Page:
Nope – this takes time, effort, and a commitment to carrying on, even when you get food poisoning from a salad.

But when you realise that you’re craving feeling better so that you can go for a run, rather than being able to eat a family size pizza…

Turns out, it’s all good.

3 thoughts on “Proportion, Perspective, and Why Sometimes Good Things Seem Bad”

    • The top one is smoked salmon with chestnut mushrooms and eggs (and salad); the second one is a naked burger with roast veggies, jalapenos and salsa; and the third is a smoked mackerel salad. All very tasty indeed!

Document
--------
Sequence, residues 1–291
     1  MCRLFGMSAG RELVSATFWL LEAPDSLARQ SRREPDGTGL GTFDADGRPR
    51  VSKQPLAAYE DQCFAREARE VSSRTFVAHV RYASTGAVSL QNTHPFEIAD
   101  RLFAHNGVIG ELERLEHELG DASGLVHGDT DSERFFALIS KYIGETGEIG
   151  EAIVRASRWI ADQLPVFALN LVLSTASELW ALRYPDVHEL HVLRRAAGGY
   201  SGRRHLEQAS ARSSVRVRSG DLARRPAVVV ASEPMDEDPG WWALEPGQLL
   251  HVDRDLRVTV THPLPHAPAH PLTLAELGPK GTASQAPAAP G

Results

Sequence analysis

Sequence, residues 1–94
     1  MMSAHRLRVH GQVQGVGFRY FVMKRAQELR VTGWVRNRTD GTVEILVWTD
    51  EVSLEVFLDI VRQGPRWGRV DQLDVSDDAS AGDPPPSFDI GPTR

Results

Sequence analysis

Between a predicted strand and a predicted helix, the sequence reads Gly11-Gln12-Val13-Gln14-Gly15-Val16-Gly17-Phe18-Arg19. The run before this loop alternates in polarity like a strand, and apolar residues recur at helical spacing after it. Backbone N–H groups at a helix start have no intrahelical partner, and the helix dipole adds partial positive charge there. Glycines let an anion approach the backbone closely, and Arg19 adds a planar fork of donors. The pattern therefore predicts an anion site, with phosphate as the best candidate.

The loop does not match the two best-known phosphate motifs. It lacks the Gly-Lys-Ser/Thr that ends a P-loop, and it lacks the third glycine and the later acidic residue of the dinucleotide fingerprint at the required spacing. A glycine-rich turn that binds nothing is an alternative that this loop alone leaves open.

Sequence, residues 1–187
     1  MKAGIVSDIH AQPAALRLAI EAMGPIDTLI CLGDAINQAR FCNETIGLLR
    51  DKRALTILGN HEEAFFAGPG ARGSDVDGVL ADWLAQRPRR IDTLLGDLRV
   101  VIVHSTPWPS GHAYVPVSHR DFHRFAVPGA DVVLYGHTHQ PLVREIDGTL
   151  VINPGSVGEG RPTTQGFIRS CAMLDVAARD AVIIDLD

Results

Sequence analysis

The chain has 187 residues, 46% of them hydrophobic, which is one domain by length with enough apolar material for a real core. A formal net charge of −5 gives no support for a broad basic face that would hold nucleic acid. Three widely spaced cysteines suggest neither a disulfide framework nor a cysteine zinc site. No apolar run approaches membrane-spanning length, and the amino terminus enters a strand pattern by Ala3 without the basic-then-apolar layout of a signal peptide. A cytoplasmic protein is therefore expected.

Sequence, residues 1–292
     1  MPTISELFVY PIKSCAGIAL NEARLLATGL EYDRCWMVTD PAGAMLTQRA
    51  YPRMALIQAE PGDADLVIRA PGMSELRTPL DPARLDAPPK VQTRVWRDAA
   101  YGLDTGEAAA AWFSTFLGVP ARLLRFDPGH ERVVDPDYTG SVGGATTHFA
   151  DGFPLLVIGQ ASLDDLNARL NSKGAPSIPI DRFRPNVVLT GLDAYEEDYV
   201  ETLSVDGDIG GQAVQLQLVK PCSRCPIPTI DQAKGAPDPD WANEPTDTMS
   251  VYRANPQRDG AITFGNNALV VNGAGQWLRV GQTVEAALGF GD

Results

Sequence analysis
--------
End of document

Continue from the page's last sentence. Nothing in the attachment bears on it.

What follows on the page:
• OMGosh…I could seriously hug you right now! I’m about 4 1/2 months into changing my life around, and the first 2.5 – 3 months of that were up and down the same 10 pounds until I really dialed in what works for me and my body. Every week since then the scale has been moving downwards at a steady rate of about 2 pounds per week. However, today (since Saturdays are my weigh-in days) I gained a pound. And inches either stayed the same or slightly increased. Yesterday I was feeling sexy (you know, that feeling that gives you some extra bounce in your step, that at least for me surprises me when it shows up because it’s rare), and for the first time in a while I was noticing some differences in the mirror. For the first time in a while I was *excited* to get on the scale to see the difference…only to see that I gained weight. To be fair, it was my TOM this week; And after thinking about it, I realized that I was severely overreacting since it was only one pound. But I happened to come across your blog today, and it really helped to put me back in the proper perspective. Thank you for sharing! 🙂